Opposition to Evolution

While by no means a fundamentalist or evangelical by today’s standards, Sedgwick always maintained a fine line between his science and his faith. His geological position was catastrophist, and he believed in a succession of Divine creative acts throughout the long expanse of history. Any form of development that denied a direct creative action smacked as materialistic and amoral. For Sedgwick, moral truths (the obtainment of which separates man from beast) were to be distinguished from physical truths, and to combine these or blur them together could only lead to disastrous consequences. In fact, one’s own hope for immortality may ultimately rest on it.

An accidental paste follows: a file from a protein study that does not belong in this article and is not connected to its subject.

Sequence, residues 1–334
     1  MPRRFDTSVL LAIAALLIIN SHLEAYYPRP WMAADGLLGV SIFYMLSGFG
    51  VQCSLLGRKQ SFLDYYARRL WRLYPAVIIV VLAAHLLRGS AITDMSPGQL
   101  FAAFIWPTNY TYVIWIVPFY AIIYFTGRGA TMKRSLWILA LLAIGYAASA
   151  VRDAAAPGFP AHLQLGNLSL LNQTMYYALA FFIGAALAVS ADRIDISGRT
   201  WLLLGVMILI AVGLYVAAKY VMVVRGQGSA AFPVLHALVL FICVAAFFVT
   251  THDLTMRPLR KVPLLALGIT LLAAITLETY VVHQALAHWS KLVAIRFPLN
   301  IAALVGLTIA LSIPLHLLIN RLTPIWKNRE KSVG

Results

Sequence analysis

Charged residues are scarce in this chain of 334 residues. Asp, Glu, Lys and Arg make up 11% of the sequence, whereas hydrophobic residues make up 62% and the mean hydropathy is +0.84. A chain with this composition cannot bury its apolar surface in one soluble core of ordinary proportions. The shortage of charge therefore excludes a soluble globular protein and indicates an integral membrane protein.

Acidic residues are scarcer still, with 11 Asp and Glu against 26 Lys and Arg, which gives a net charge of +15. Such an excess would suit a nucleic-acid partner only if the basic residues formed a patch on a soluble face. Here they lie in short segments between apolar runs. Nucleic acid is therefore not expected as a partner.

So, when Robert Chambers anonymously published his own theory of evolution, or development, in the book "Vestiges of the Natural History of Creation" (1844), Sedgwick jumped at the chance to attack the book in the July, 1845 edition of the "Edinburgh Review". "Vestiges" "comes before [its readers] with a bright, polished, and many-coloured surface, and the serpent coils a false philosophy, and asks them to stretch out their hands and pluck the forbidden fruit," he wrote in his review. [Quoted in James Secord, "Victorian Sensation" (2000), pg. 246.] Accepting the arguments in Vestiges was akin to falling from grace and away from God’s favor.